Rasmussen became known as the “father of Eskimology.” Bartlett would have said Rasmussen was “part Eskimo,” and he would have done so with no disrespect. In his day, Eskimo was the term used to describe all of the native people in the Canadian, Alaskan and Greenland Arctic. Today Eskimo is considered to be pejorative, especially in Canada, because it is thought to be a word the Cree used to describe “eaters of raw meat.” To be sure, the Inuit saw little difference between eating the raw flesh of fish (the Japanese sushi) and that of bear or seals or walrus. Dr. Frederick Cook, Robert Peary’s nemesis, saw dietary value in eating raw meat. He observed that, while expedition members suffered from scurvy and pernicious anemia, the Inuit remained healthy. Eating some raw meat, he concluded, was the answer, and he included some in his own Arctic diet. When he and Peary were still on speaking terms he advised the expedition leader to do the same. Peary, who found the suggestion repugnant, died at age sixty-three. Of pernicious anemia.

The local population who patronized his trading station at Thule knew nothing of Rasmussen the scientist. He was to them a beloved friend, and one of them. When he arrived in the Morrissey he was greeted, according to Bartlett, with “a chorus of joyous shouts and greetings that woke the echoes.” Rasmussen’s customers arrived with blue fox and bear skins, narwhal tusks and walrus ivory. In exchange they left with needles, biscuits, knives, thimbles, nails, matches, kerosene, tobacco and rifles. The white man’s rifle was the trading item most in demand. It often meant the difference between survival and death among a people among whom, as Rasmussen wrote, “life is … an almost uninterrupted struggle for bare existence, and periods of dearth and actual starvation are not infrequent.” The rifle was transforming the role of the Inuit hunter. As an old Inuit told Rasmussen, “… we have guns, which makes all hunting easier than it was. Young hunters nowadays have too easy a time of it to trouble about consulting wizards. … we have forgotten all the old spells and magic songs.” Rasmussen wondered if firearms were a bane or a boon to the Inuit. He wrote, “the gun has immediate advantages, but it is doubtful whether it pays better in the long run.” The Inuit had hunted the caribou for centuries with silent bow and arrow, without disrupting the animals’ migratory routes. Now the firing of rifles frightened off the caribou. They were avoiding the villages of the native people. The rifle was of little use where there were no caribou to shoot. And without caribou, those people starved to death.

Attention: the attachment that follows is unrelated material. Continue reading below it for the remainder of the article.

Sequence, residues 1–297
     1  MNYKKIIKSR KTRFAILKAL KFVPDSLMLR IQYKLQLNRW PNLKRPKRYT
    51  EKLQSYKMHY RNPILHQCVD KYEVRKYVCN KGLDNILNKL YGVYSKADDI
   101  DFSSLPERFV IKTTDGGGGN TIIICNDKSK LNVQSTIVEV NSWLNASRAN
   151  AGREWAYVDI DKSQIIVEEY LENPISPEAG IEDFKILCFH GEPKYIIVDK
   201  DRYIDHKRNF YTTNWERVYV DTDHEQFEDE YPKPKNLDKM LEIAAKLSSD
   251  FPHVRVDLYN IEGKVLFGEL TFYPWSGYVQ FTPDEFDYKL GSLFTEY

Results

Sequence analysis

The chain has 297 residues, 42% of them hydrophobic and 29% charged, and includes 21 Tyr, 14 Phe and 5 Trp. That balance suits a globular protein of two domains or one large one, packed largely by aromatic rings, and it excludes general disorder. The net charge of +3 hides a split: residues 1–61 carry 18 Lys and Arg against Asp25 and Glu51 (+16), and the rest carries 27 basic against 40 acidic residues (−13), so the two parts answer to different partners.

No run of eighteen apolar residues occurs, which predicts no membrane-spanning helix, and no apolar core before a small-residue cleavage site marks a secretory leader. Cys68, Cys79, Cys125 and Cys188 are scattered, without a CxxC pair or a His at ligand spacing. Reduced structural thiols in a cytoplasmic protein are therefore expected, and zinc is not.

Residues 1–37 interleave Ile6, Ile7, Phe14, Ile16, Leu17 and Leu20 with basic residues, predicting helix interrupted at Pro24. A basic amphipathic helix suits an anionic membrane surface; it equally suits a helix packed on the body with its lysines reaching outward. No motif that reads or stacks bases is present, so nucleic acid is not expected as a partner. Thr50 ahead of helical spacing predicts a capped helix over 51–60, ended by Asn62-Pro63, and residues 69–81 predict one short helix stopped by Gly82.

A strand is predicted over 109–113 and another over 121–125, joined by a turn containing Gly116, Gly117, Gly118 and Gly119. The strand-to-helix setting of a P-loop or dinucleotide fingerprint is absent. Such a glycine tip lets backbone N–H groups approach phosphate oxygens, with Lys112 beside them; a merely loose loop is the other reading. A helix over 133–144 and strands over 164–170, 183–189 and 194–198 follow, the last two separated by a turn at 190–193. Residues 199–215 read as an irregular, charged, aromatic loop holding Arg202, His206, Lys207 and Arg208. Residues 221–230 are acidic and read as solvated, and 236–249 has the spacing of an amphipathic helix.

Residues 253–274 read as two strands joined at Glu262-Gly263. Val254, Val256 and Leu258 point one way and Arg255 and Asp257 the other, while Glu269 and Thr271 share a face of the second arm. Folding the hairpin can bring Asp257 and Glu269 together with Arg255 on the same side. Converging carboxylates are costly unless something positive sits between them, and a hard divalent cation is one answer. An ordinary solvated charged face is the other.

The rifle entered into the equation of survival in another way. There was a fatal imbalance in Inuit populations. On King William Land, for example, female infants were invariably killed at birth, unless previously spoken for. There was no ill will involved. It was simply a matter of economics. For a family barely surviving, a daughter would be another mouth to feed until she reached the age of usefulness – at which point her labors would benefit another family, that of her husband. A shortage of women was thus inevitable, and a man might well be killed by another who had eyes on his wife, or he might kill first in the interests of his own domesticity. The rifle facilitated the act.

Rasmussen said that the casual attitude toward life and death among the Inuit was difficult for the civilized mind to comprehend. He gave the example of a man who had murdered a neighbor and moved in with the man’s wife and two sons. They lived together amicably – all knowing that, when the sons were old enough, they would be honor-bound to assassinate their father’s killer. Life was cheap, but that was no reason not to enjoy it while you had it. The cheerfulness of the Inuit impressed visitors in the years that the Morrissey ventured north. Living under some of the harshest conditions on earth, they sought to make the most of their brief spans of existence. And thus it was on this occasion that the Inuit celebrated Rasmussen’s return with a dance. The phonograph was cranked up and Danish and English dance orchestra music issued forth. One of the Inuit played the music of his people on an accordion, to which the others danced in a circle. In the center, for refreshment, was a pail filled with candy, walrus meat and dried breast of narwhal.